Figure 2 shows the components of a method declaration: access modifiers, nonaccess modifiers, return type, method name, parameter list, and a list of exceptions that can be thrown (method declaration isn’t the same as method signature). The figure also compares the review method defined in base class Book, with the overridden method review() defined in class CourseBook with respect to these identified parts.

Image title

Figure 2 Comparing parts of a method declaration for a base class method and overridden method.

Table 1 compares the method components shown in figure 2.

Table 1: Comparison of method components and their acceptable values for an overriding method

Method component

Value in class Book

Value in class CourseBook

Overriding method review() in class CourseBook

Access modifier

protected

public

Define same access or less restrictive access than the review() method in the base class.

Nonaccess modifier

synchronized

final

Overridding method can use any nonaccess modifier for an overridden method. A nonabstract method can also be overridden to an abstract method. But a final method in the base class cannot be overridden. A static method cannot be overridden to be nonstatic.

Return type

List

ArrayList

Define the same or a subtype of the return type used in the base class method (covariant return types).

Method name

review

review

Exact match.

Parameter list

(int id, List names)

(int id, List names)

Exact match.

Exceptions thrown

throws Exception

throws IOException

Throw none, same or a subclass of the exception thrown by the base class method.

Exam Tip: The rule listed in table 1 on exceptions in overridding methods only applies to checked exceptions. An overridding method can throw any unchecked exception (RuntimeException or Error) even if the overridden method doesn’t. The unchecked exceptions aren’t part of the method signature and aren’t checked by the compiler.

Chapter 6 includes a detailed explanation on overridden and overriding methods that throw exceptions. Let’s walk through a couple of invalid combinations that are important and very likely to be on the exam.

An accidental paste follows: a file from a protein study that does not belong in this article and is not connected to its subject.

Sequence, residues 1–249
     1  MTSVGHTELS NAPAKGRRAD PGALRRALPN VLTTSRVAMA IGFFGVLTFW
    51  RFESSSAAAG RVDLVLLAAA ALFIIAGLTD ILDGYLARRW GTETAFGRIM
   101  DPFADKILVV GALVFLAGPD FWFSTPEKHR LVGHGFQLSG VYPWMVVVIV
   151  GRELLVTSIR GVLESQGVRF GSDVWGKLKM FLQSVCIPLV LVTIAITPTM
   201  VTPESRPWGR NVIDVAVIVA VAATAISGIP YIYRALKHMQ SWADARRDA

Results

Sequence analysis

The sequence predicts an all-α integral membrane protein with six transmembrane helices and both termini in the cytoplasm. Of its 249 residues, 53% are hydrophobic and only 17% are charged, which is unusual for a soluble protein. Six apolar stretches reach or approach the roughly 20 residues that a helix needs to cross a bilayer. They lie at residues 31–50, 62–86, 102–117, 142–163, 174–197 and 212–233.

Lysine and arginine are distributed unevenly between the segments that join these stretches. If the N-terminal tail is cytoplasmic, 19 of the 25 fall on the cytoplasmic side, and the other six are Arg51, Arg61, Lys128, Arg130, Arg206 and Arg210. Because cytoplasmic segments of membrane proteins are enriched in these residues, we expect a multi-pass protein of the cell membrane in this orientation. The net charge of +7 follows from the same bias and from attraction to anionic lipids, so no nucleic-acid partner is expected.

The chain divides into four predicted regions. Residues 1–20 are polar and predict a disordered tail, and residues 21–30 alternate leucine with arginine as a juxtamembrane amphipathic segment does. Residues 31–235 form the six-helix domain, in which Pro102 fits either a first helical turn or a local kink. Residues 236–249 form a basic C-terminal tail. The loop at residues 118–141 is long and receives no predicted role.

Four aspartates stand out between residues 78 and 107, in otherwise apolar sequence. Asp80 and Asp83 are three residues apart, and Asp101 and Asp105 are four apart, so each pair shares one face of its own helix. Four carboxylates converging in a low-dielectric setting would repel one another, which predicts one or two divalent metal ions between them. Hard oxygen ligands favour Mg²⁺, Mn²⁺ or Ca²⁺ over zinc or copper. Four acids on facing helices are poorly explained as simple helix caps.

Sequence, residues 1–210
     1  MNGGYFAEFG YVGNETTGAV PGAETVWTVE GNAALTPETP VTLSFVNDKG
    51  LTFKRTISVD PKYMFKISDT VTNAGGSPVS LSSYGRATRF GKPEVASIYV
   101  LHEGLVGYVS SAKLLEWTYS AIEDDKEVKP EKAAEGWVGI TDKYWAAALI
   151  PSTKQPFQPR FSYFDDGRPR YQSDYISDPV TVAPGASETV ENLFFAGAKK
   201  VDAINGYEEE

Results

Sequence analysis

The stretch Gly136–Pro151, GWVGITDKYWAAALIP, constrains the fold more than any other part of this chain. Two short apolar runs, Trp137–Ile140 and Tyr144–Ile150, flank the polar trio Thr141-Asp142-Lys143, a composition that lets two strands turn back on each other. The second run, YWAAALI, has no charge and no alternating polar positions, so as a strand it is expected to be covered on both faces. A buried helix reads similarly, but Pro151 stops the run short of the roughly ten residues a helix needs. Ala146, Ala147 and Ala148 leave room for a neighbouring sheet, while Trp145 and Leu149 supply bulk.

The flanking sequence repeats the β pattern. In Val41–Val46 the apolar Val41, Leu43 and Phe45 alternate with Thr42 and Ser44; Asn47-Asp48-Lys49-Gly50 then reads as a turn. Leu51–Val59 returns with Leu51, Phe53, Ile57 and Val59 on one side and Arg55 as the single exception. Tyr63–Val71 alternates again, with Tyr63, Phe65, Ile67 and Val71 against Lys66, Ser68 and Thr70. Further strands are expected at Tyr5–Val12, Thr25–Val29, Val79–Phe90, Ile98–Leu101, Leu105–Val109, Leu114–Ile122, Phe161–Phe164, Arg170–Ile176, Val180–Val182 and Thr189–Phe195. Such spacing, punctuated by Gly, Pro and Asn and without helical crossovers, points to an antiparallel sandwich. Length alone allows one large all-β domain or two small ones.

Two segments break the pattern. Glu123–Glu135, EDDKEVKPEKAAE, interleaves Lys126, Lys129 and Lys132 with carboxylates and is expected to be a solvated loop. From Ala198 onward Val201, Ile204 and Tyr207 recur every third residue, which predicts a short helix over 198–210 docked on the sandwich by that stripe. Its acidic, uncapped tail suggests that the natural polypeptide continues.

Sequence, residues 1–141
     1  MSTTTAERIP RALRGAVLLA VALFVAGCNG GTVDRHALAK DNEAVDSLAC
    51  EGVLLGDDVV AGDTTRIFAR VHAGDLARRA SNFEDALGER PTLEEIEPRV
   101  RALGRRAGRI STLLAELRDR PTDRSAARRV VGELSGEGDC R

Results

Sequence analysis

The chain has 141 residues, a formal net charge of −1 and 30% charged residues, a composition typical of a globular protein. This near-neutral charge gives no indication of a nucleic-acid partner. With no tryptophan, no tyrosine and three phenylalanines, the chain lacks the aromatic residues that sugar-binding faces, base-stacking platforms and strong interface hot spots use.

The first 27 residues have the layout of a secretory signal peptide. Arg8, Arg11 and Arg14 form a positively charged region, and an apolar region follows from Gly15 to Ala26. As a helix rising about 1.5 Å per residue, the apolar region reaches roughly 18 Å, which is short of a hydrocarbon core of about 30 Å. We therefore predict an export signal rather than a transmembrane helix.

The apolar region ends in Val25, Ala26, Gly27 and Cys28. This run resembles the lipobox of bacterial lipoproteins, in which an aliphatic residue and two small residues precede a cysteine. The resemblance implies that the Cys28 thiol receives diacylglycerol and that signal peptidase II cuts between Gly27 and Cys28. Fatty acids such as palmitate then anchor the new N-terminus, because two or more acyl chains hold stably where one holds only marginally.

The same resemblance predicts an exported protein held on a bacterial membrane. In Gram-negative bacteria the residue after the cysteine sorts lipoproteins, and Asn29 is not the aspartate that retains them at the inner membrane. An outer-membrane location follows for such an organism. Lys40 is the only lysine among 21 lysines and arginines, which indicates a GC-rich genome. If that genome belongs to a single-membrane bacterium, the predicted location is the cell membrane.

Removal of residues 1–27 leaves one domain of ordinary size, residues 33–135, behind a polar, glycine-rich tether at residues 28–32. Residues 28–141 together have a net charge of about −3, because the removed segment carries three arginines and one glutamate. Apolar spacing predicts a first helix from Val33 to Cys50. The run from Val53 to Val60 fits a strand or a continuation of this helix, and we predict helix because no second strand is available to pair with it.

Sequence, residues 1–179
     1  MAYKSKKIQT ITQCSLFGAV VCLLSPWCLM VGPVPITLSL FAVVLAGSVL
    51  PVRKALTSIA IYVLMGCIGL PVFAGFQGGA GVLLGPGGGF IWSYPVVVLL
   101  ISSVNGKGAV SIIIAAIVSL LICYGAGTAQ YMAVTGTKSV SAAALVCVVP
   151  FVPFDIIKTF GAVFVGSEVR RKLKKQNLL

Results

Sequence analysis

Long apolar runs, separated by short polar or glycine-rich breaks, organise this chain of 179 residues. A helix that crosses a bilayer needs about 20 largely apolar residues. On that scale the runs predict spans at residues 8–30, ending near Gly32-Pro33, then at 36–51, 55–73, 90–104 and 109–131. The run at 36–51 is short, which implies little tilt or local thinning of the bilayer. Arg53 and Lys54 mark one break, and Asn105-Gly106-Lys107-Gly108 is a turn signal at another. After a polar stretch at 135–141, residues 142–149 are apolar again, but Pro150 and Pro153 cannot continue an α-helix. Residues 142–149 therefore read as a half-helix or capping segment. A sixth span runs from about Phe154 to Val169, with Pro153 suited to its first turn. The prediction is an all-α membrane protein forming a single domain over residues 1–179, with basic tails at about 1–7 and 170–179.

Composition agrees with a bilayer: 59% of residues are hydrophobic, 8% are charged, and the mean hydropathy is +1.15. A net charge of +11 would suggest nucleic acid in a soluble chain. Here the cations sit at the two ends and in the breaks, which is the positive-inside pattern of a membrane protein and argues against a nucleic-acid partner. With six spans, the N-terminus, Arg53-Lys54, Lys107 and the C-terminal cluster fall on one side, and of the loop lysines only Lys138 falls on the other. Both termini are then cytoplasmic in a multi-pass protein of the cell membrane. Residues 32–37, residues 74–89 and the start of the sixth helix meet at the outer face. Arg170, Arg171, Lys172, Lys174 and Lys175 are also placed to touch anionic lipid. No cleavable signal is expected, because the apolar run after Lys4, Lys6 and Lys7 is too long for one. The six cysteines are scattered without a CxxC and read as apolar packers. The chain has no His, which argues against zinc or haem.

Note: Though a best practice, I’ve deliberately not preceded the definition of the overridden methods with the annotation @Override because you might not see it on the exam.

Access Modifiers

A derived class can assign the same or more access but not a weaker access to the overriding method in the derived class:

class Book {
    protected void review(int id, List names) {}
}
class CourseBook extends Book {
    void review(int id, List names) {}                   #A
}

#A Won’t compile; overriding methods in derived classes can’t use a weaker access

Nonaccess Modifiers

A derived class can’t override a base class method marked final:

class Book {
    final void review(int id, List names) {}
}
class CourseBook extends Book {
    void review(int id, List names) {}                    #A
}

#A Won’t compile; final methods can’t be overridden

Argument List and Covariant Return Types

When the overriding method returns a subclass of the return type of the overridden method, it’s known as a covariant return type. To override a method, the parameter list of the methods in the base and derived classes must be exactly same. It you try to use covariant types in the argument list, you’ll end up overloading the methods and not overriding them. For example:

class Book {